This, to my knowledge at least, was the first sunrise service I had ever attended. Our pastor, the Rev. Claud Boynton, who had come to our church when I was age six, was what we call a bi-vocational pastor. For his “real” living, he worked under that inimitable forest ranger, Mr. Arthur Woody, to patrol the forests of our section of north Georgia, to build fire breaks, to build roads, and whatever else was assigned to the forestry workers. And, as an additional—and I might add—called—job, he served as pastor at Choestoe Baptist Church and at Zion and maybe Mt. Lebanon, too, over in Suches community. Later, he would go to full-time status as pastor, with Choestoe and Blairsville First as his charges, and eventually only Blairsville First. But the Easter sunrise service of note was rather early in his career as an outstanding pastor in the hills of North Georgia.
Pastor Boynton had many innovative ideas that we at Choestoe had not experienced before. One of them was to hold an Easter sunrise service. And so we were gathered there, on the crest of the Holt property hill, awaiting the sunrise that early Easter morning.
As I mentioned above, I was cold. Mornings in Choestoe in March or early April (I did not look back to see which month Easter might have fallen, for I really don’t know exactly what year that long-ago sunrise service was held.) Even wrapped in my warmest coat, the early morning cold penetrated, and I wondered if I had been wise to attend the service. Everything about it was new and unusual to my child mind.
But the impression it made has held for my lifetime since then. I became aware at a very early age of how special Easter is. Where there was death and a tomb, there came, instead, resurrection from the dead and an empty grave. Where there was sadness and mourning, there came joy and hope. From that point onward in my life, any time I stood at the grave of one beloved, I did not consider the doom associated with death but the victory in resurrection.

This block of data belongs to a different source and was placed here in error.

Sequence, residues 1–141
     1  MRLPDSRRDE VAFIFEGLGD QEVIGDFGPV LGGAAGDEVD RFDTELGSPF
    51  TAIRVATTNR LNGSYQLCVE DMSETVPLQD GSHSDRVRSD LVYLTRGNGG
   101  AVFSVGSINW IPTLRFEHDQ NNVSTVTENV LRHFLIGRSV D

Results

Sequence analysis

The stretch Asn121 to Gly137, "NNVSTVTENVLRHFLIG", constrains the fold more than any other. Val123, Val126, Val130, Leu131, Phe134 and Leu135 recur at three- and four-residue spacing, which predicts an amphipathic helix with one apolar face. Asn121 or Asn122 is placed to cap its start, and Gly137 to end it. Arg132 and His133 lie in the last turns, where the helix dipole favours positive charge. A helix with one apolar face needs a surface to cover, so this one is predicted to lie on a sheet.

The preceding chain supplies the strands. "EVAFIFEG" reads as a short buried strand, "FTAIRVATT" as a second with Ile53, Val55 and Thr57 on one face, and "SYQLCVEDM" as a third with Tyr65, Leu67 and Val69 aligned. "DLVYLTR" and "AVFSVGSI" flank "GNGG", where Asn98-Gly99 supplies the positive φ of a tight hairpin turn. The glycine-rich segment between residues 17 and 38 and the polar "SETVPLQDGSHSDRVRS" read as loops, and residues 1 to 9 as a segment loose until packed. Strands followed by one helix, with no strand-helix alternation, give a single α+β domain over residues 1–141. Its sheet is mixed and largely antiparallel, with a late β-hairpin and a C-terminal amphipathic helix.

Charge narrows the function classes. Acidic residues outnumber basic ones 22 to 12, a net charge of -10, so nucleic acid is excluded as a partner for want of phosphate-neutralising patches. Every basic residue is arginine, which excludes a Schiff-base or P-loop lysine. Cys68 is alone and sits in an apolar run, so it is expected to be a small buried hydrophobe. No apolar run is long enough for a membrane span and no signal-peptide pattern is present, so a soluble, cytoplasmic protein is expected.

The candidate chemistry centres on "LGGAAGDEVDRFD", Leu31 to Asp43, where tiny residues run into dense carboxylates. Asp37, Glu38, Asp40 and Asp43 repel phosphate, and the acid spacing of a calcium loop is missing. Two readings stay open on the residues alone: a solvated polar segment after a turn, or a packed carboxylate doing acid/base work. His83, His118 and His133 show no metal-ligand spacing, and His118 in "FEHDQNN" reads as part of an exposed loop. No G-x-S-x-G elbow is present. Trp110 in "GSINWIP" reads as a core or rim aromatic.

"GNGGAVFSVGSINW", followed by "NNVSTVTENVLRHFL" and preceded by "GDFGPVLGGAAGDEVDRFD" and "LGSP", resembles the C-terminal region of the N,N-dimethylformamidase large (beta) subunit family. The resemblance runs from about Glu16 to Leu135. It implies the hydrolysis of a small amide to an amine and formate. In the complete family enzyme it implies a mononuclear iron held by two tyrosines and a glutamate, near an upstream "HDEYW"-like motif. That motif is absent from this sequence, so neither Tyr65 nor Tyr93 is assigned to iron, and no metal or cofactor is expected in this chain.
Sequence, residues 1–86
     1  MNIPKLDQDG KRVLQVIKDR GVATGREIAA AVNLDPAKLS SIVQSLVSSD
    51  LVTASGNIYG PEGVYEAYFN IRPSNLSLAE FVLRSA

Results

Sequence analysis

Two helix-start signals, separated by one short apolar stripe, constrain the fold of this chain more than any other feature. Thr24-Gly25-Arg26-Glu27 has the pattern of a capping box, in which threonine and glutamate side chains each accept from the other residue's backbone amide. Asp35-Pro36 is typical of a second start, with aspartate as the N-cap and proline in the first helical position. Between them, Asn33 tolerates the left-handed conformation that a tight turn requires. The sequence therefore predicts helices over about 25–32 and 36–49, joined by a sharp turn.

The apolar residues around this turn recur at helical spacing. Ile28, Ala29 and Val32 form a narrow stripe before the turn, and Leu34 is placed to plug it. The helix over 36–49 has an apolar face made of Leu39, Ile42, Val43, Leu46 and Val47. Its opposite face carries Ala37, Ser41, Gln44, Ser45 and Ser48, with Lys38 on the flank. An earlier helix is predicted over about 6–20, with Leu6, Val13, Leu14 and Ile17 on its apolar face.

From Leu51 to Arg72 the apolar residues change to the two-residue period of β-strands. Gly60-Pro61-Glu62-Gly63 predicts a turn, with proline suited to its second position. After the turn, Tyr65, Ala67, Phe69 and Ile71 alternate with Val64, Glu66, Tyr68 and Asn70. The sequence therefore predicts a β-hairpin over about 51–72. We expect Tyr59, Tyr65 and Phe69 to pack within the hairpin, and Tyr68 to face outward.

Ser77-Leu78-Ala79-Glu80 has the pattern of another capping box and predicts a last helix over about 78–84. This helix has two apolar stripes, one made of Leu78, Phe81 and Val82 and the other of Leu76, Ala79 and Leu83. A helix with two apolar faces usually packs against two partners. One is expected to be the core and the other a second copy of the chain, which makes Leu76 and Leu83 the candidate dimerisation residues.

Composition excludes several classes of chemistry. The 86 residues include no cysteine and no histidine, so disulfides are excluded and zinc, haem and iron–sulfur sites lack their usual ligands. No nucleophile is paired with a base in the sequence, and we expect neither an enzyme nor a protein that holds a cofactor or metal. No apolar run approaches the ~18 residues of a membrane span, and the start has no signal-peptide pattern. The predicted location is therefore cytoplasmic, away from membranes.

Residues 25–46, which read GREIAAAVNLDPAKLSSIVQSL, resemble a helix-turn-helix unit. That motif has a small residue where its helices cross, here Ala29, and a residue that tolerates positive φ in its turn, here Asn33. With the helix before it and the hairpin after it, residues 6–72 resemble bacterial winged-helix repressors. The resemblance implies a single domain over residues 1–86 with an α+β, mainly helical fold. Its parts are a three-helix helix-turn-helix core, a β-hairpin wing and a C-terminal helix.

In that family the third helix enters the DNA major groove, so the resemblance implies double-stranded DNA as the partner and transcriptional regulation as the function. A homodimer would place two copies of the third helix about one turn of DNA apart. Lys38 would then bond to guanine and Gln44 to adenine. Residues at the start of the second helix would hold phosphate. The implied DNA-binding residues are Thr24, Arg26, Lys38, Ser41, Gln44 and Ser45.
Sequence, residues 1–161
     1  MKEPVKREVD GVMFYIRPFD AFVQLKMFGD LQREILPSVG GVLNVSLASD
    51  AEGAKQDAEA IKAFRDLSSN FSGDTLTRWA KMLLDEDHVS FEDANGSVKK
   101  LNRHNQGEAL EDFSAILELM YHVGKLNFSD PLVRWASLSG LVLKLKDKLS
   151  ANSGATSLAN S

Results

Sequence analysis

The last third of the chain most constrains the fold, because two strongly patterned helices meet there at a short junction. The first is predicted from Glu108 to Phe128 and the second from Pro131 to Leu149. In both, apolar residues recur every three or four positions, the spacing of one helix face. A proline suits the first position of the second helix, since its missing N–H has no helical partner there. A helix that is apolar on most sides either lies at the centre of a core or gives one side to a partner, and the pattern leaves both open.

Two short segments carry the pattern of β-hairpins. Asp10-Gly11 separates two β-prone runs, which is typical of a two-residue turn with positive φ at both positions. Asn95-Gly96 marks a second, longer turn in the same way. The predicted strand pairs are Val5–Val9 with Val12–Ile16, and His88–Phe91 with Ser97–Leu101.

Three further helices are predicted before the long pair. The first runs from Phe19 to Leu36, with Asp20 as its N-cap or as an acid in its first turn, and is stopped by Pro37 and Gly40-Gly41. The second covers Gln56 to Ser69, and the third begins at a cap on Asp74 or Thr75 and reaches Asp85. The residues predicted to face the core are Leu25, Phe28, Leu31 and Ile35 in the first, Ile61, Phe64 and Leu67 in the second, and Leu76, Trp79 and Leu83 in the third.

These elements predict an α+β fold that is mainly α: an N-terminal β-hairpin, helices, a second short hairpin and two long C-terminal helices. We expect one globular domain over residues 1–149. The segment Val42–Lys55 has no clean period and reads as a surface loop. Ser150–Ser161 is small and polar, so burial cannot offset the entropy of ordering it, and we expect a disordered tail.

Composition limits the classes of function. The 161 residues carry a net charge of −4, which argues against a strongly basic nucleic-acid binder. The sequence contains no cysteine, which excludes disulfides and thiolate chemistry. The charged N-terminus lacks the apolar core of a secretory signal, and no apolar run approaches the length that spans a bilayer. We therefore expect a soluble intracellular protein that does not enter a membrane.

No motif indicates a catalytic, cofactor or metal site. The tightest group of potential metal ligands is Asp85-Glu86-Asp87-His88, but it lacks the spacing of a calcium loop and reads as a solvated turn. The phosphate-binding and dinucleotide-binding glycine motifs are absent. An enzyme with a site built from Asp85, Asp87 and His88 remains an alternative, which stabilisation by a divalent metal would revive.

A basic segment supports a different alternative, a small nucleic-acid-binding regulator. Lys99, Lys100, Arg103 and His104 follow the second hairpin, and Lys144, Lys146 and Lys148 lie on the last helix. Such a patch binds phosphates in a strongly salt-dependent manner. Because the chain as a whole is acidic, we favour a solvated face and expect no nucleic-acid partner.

You might say the cold I felt on that long-ago Easter morning when I attended my first sunrise service turned to a warmth in my heart that sees beyond death to life everlasting.
I can see in my mind’s eye the brilliance of the sunrise on that long ago Easter. I return again and again to the words my pastor, the Rev. Claud Boynton read from Matthew 28:1-10 (or maybe he read from Mark 16:1-11, or Luke 24:1-12, or John 20:1-18, all accounts of the resurrection). The experience of that first sunrise service made a deep and lasting impression on me. It changed my perspective on death and dying and gave me hope for life and eternity. How much would I need that hope, and how it grew into fruition a few years later when my beloved aunt, grandfather and my own mother died (I was only fourteen at her death).
So Easter is a time of hope.
It was many years later, 1978, as a matter of fact. It was not even Easter in early spring but July, and heat from the sun in the Holy Land let us (my husband Grover, his sister Estelle and I) know that we were in a strange land. But in a sense, it was not a strange land, for most of my life I had read and heard about the places Jesus frequented when He was in the flesh upon this earth.
My husband and I, in that summer of 1978, were having the privilege of visiting his sister Estelle who was a missionary to the Holy Land. We went together to many of the sites described in the Bible and where Jesus traveled, performed His miracles, taught His disciples. And finally, the sites where He prayed in the Garden of Gethsemane, was tried by the Jewish Sanhedrin and in the Roman Praetorium, traveled on the Via Dolorosa (The Way of Sorrows), went to the cross on Golgotha, was placed in the tomb offered by Joseph of Arimathea, and then on that glorious First Easter, the tomb was empty.
We experienced seeing the empty tomb and hearing a service of celebration beside it. I thought of times in my husband’s ministry when he had led Easter sunrise services at various churches he pastored. All of those early morning vigils were filled with hope and joy. The visit to Jerusalem and the Garden Tomb was indeed a highlight of my Christian life and journey. But as impressive as the visit to the empty Garden Tomb was in our Holy Land trip, it was no more impressive than that first Easter sunrise service in my memory when the sun burst forth from behind the mountains as the assembly of faithful believers gathered on Holt’s Hill in Choestoe. Resurrection took on a most significant meaning then.
c 2010 by Ethelene Dyer Jones; published Apr. 1, 2010 in The Union Sentinel, Blairsville, GA. Reprinted by permission. All rights reserved.